Using olive oil in recipes is a tried and true way to add flavor and nutrition to your meal. Use olive oil to whip up your own vinaigrette, cook with olive oil over the stove, or drizzle some over your pasta. Whatever your method, adding more olive oil can help prevent Type 2 diabetes, according to studies. Researchers posit that this might be due to the healthy fats in the oil. These types of fats, called monounsaturated fats, are also found in foods such as almonds, cashews, canola oil, and avocados.
Snack on Nuts and Seeds
Research suggests that the healthy fats found in nuts and seeds can also help to reduce your Type 2 diabetes risk. So go nuts: Snack on trail mix, peanut butter with fruit, or sunflower seeds. These types of fats can do more than prevent diabetes. They have other surprising health benefits, too!
Eat More Vegetables
Adding more green vegetables to your day - no matter if they're in a salad, on top of pizza, or in a cozy bowl of soup - can reduce your risk of diabetes according to some studies. Here are 25 not-salad recipes that still have a ton of vegetables!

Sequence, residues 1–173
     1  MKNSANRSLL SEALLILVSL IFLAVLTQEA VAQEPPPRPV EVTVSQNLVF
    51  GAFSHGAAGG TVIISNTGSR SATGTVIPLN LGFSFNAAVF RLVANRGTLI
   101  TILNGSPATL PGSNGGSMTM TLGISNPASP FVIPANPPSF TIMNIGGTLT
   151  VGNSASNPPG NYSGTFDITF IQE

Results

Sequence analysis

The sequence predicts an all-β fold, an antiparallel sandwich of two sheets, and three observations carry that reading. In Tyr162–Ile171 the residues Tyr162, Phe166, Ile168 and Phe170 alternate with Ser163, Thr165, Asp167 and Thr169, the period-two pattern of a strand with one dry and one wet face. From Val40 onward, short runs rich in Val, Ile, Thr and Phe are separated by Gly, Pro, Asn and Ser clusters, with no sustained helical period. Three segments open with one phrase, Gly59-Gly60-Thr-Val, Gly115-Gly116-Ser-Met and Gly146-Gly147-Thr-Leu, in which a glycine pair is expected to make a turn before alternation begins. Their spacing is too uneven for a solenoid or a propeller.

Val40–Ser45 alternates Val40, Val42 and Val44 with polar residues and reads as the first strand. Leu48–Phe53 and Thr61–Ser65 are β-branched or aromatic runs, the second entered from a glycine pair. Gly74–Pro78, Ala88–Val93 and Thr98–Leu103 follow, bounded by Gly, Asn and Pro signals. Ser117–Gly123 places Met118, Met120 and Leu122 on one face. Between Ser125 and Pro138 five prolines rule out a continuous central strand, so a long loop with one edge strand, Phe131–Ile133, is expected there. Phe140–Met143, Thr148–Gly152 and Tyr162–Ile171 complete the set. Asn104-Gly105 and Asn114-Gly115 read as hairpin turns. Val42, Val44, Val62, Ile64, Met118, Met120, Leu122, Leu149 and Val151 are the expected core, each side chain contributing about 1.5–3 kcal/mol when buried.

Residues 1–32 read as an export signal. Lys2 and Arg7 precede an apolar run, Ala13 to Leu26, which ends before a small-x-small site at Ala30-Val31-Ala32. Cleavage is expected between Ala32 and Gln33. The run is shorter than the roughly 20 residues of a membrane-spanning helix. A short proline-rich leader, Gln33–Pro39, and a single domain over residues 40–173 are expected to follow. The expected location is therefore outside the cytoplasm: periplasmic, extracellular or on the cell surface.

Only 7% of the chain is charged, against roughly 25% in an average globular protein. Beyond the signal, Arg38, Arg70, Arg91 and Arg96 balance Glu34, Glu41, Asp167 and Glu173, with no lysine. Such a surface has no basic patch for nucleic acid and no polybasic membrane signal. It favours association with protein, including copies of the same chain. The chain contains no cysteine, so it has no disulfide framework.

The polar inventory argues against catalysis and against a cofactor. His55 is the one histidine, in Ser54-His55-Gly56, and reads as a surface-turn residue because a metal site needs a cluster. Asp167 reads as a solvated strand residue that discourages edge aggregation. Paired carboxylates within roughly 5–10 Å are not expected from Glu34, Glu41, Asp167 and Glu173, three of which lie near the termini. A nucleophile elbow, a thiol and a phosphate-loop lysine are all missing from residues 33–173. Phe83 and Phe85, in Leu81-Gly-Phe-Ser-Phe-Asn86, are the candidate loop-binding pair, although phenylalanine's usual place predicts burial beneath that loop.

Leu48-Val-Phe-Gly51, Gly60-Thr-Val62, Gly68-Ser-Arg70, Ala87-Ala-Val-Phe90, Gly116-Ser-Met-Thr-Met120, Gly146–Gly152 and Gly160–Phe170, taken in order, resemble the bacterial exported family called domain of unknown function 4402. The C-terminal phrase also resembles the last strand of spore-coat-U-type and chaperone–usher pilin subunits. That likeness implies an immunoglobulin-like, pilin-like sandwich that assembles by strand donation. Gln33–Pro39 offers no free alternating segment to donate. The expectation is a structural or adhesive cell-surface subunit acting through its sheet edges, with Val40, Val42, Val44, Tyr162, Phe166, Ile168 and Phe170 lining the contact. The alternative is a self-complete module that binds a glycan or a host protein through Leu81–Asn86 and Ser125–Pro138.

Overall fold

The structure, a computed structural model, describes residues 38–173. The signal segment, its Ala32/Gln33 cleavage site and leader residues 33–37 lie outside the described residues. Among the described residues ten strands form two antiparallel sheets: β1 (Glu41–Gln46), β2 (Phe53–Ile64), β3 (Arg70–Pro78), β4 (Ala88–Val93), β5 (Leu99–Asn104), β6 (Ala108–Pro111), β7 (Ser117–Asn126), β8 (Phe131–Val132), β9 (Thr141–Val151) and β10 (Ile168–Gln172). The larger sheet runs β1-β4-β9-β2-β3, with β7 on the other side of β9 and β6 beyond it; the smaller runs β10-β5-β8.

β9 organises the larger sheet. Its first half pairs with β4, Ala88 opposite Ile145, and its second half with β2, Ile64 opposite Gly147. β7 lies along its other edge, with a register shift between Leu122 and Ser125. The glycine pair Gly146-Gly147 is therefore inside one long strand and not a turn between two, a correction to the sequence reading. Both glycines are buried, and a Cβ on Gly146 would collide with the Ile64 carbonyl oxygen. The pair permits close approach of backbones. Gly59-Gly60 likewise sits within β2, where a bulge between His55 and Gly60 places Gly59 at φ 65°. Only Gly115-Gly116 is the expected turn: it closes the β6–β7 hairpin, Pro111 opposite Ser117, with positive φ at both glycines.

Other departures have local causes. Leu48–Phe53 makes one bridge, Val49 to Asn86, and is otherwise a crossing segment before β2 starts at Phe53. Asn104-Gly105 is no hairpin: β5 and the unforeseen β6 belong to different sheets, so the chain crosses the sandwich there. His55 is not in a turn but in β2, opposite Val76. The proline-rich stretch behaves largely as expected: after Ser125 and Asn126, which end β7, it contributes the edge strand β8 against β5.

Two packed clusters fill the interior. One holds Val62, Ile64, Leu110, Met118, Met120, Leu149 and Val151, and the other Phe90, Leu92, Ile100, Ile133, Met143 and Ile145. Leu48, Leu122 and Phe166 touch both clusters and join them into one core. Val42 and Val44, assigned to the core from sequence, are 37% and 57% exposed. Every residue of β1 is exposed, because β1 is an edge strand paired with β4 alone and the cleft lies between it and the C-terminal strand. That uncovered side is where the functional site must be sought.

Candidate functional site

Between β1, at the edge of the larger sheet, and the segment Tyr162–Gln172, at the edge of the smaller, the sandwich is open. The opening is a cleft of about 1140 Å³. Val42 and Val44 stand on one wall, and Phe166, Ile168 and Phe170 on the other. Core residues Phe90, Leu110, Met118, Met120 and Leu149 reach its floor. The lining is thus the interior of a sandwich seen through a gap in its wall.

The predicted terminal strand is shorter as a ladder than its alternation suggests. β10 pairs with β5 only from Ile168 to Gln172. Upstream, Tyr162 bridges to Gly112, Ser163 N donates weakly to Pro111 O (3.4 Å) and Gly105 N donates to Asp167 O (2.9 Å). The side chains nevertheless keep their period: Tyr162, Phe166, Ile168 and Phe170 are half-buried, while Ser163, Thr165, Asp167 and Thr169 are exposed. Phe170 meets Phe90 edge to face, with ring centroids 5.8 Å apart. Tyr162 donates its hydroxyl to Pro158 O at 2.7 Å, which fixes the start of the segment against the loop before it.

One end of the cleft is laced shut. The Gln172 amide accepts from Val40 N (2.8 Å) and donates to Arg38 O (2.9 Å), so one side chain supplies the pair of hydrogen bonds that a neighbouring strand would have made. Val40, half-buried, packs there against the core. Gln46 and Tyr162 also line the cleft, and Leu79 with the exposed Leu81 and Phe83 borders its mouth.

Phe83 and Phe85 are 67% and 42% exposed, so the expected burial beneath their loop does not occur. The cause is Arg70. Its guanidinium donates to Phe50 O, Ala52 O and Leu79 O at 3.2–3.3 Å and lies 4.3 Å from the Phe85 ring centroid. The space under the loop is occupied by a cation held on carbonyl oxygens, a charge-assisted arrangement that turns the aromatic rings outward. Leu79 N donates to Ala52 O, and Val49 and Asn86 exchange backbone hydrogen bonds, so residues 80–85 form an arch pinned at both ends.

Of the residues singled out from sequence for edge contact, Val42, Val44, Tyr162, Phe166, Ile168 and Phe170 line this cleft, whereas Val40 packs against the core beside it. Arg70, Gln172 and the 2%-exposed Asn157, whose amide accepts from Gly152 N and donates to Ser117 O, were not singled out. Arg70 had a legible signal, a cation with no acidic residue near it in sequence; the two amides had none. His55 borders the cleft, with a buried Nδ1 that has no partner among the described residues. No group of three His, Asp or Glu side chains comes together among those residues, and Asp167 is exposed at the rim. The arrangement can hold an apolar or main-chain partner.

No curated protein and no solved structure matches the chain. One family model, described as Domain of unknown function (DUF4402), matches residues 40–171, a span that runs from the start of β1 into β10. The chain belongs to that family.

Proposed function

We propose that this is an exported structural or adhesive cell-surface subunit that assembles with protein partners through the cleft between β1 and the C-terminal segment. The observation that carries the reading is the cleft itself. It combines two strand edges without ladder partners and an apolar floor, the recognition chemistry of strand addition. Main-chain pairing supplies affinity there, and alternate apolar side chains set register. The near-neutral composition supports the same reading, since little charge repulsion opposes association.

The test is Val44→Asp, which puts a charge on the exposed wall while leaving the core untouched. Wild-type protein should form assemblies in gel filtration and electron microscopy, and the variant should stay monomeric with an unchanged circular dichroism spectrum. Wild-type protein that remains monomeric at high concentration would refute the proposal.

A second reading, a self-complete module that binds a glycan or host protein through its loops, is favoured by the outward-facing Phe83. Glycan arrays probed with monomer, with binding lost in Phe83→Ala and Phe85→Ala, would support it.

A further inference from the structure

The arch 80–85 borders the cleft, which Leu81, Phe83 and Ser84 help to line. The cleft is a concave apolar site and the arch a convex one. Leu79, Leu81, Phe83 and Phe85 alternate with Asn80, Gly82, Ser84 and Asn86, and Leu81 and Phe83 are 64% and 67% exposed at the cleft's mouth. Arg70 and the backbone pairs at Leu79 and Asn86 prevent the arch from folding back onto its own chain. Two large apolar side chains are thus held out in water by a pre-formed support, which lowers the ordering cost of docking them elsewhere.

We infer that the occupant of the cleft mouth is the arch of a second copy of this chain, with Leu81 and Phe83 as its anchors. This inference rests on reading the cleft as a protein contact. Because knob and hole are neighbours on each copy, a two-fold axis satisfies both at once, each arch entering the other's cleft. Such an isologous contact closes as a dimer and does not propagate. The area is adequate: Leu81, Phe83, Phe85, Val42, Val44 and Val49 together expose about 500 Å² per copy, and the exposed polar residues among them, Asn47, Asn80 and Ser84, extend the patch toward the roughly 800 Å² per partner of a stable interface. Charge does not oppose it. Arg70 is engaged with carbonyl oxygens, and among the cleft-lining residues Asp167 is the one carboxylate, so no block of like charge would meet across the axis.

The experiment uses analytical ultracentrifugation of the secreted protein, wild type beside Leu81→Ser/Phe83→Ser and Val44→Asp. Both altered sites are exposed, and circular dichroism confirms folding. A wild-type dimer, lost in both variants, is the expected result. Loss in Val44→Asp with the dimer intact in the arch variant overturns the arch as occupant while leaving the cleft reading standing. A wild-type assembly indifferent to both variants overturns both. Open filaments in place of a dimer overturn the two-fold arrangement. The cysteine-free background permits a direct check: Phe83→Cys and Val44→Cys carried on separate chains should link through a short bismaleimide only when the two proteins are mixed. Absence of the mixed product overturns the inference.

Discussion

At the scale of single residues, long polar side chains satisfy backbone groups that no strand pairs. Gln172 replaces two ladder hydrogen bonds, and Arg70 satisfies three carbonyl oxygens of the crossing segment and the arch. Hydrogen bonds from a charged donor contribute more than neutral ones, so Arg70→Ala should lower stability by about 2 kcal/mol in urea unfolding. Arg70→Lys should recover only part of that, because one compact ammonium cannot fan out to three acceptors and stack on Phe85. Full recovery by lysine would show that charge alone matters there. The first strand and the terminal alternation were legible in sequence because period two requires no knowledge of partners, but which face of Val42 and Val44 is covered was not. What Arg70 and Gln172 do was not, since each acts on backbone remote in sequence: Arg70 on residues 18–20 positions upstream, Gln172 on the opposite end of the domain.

Eat Fruit Every Day
You might think that since fruit has sugar, it should be avoided or eaten in moderation to prevent diabetes. But that might not be true. Research shows that eating three servings of fruit per day could decrease your risk by 18 percent.
Be Aware of Trans Fats
Trans fats have been phased out of most foods, but you might still find them in some packaged baked goods, margarine, or fried food at restaurants. These foods can be delicious and enjoyed every now and then, but it definitely isn't going to help lower your chance of Type 2 diabetes if they're a regular part of your diet. Studies aren't totally conclusive on whether a diet high in trans fats increases your diabetes risk, but they suggest that it might.